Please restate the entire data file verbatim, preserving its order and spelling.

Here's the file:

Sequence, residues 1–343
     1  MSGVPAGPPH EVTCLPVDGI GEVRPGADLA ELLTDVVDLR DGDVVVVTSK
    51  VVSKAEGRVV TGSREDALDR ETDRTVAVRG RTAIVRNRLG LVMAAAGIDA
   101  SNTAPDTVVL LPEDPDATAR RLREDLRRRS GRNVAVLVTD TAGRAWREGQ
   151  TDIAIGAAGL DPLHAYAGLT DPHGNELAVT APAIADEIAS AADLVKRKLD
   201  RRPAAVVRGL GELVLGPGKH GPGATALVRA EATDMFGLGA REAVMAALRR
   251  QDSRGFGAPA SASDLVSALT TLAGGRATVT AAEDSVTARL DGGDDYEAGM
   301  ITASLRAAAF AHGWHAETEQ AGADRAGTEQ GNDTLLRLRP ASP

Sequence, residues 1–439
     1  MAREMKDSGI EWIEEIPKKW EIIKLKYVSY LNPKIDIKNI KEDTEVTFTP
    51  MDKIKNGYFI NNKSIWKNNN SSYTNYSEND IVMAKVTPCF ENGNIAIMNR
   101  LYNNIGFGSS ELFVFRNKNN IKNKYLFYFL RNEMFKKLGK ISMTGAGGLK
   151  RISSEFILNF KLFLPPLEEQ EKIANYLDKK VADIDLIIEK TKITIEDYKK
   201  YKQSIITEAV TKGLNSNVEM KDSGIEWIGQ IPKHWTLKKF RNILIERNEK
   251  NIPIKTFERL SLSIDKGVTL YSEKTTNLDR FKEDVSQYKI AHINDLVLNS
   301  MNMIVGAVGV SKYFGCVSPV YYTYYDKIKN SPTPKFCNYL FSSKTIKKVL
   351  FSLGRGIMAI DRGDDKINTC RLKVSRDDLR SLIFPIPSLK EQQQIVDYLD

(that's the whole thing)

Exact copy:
Sequence, residues 1–343
     1  MSGVPAGPPH EVTCLPVDGI GEVRPGADLA ELLTDVVDLR DGDVVVVTSK
    51  VVSKAEGRVV TGSREDALDR ETDRTVAVRG RTAIVRNRLG LVMAAAGIDA
   101  SNTAPDTVVL LPEDPDATAR RLREDLRRRS GRNVAVLVTD TAGRAWREGQ
   151  TDIAIGAAGL DPLHAYAGLT DPHGNELAVT APAIADEIAS AADLVKRKLD
   201  RRPAAVVRGL GELVLGPGKH GPGATALVRA EATDMFGLGA REAVMAALRR
   251  QDSRGFGAPA SASDLVSALT TLAGGRATVT AAEDSVTARL DGGDDYEAGM
   301  ITASLRAAAF AHGWHAETEQ AGADRAGTEQ GNDTLLRLRP ASP

Sequence, residues 1–439
     1  MAREMKDSGI EWIEEIPKKW EIIKLKYVSY LNPKIDIKNI KEDTEVTFTP
    51  MDKIKNGYFI NNKSIWKNNN SSYTNYSEND IVMAKVTPCF ENGNIAIMNR
   101  LYNNIGFGSS ELFVFRNKNN IKNKYLFYFL RNEMFKKLGK ISMTGAGGLK
   151  RISSEFILNF KLFLPPLEEQ EKIANYLDKK VADIDLIIEK TKITIEDYKK
   201  YKQSIITEAV TKGLNSNVEM KDSGIEWIGQ IPKHWTLKKF RNILIERNEK
   251  NIPIKTFERL SLSIDKGVTL YSEKTTNLDR FKEDVSQYKI AHINDLVLNS
   301  MNMIVGAVGV SKYFGCVSPV YYTYYDKIKN SPTPKFCNYL FSSKTIKKVL
   351  FSLGRGIMAI DRGDDKINTC RLKVSRDDLR SLIFPIPSLK EQQQIVDYLD